Nissan has shown dealers in the USA a trio of next-generation electric vehicles (EVs), including a new Leaf.
Automotive News reports word from dealer sources the three vehicles are due in the second half of this decade.
The Leaf replacement, despite its SUV shape, will reportedly offer 25 per cent more range than the current car as well as “mini-Ariya” styling. The current Leaf, for reference, offers 270km of WLTP range in standard guise and 385km in the e+.
Nissan also used this dealer conference to showcase its next-generation, combustion-powered Kicks, Murano, and Armada (Patrol) SUVs.
It’s unclear what shape the additional CMF-EV crossover will take. The Ariya is sized similarly to the Toyota RAV4 and is around 100mm shorter than a Nissan X-Trail, so it could be a model to slot in the segment above.
Nissan did preview a boxier electric SUV earlier this year called the Arizon, previewing a Chinese-market SUV due in 2024.
We have a better idea what the Leaf and Maxima replacements will look like.
It previewed a small electric coupe crossover late in 2021 with the Chill-Out concept, riding on the CMF-EV platform and offering an e-4ORCE dual-motor all-wheel drive system like the larger Ariya.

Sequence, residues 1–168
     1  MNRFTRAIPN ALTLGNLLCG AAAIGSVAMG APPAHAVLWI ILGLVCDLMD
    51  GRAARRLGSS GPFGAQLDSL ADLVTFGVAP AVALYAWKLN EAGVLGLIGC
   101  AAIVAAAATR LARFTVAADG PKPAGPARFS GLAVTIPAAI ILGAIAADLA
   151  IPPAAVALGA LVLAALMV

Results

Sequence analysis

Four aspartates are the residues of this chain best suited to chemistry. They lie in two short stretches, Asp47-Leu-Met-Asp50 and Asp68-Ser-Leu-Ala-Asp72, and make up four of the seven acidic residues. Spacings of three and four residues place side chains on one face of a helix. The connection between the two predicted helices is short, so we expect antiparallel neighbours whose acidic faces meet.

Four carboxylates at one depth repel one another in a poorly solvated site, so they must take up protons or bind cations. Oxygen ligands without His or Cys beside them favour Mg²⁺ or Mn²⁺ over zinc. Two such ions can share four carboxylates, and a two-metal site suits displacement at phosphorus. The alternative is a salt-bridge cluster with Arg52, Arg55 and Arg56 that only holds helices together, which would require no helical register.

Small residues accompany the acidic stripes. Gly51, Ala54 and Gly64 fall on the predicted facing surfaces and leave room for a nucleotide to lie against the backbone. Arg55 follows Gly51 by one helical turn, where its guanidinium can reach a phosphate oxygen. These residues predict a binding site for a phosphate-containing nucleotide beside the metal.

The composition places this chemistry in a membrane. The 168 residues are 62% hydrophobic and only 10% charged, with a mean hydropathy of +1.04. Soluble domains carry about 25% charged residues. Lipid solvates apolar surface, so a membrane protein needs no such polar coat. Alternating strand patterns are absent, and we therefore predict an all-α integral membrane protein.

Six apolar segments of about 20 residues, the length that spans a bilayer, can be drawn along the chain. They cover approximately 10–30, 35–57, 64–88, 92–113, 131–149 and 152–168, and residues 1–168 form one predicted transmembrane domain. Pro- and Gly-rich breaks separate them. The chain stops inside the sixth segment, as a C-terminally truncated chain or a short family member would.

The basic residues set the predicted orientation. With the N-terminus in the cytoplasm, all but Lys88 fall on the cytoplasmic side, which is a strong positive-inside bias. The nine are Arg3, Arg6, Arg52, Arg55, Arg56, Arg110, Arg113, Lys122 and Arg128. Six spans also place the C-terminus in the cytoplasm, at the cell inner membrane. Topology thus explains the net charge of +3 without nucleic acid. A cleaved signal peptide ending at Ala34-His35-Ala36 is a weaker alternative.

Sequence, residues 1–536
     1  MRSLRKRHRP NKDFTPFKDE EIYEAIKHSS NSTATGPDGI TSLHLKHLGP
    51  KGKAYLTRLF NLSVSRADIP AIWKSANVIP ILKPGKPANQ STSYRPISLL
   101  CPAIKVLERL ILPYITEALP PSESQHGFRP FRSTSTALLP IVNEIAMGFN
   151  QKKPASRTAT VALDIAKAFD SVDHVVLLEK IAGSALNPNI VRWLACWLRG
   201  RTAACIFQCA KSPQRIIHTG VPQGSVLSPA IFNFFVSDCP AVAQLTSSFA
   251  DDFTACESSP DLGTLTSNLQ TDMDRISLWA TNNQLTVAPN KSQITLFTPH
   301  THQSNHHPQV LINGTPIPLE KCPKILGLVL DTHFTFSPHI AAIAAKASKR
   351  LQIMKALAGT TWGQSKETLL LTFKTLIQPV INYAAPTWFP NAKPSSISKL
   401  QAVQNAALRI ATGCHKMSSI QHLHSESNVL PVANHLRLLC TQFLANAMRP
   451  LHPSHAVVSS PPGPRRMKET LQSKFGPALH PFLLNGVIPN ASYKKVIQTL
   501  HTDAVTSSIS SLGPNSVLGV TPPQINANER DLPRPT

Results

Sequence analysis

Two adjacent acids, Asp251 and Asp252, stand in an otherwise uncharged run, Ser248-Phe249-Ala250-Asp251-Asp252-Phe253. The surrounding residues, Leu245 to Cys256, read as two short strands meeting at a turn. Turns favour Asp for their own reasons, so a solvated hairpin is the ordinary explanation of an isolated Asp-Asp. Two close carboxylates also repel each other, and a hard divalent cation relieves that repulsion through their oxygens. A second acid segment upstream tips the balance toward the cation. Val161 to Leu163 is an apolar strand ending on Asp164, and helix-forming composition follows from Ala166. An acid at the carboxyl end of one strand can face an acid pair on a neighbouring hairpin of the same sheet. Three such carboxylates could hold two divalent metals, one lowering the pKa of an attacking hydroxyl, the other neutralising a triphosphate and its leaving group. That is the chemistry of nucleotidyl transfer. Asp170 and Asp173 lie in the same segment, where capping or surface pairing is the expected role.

A few months later, it released a shadowy teaser of two electric passenger cars set to enter production in the US in 2025.
One was clearly a Nissan, the other an Infiniti, and both resembled low-slung fastbacks.
These could replace the ageing rear-wheel drive Infiniti Q50 and the front-wheel drive Nissan Maxima, the latter of which is exiting production this year.
The new EV could help fill a vacuum in Nissan’s lineup, as the petrol-powered Nissan Altima sedan is also reportedly being axed at the end of its current lifecycle around mid-decade.
The Altima is similarly sized to the Maxima but differs in being positioned as a more mainstream model, and in also being offered in China. It also features four-cylinder power, unlike the V6-powered Maxima.
Nissan plans to launch 27 electrified vehicles globally by 2030, including 19 battery-electric models.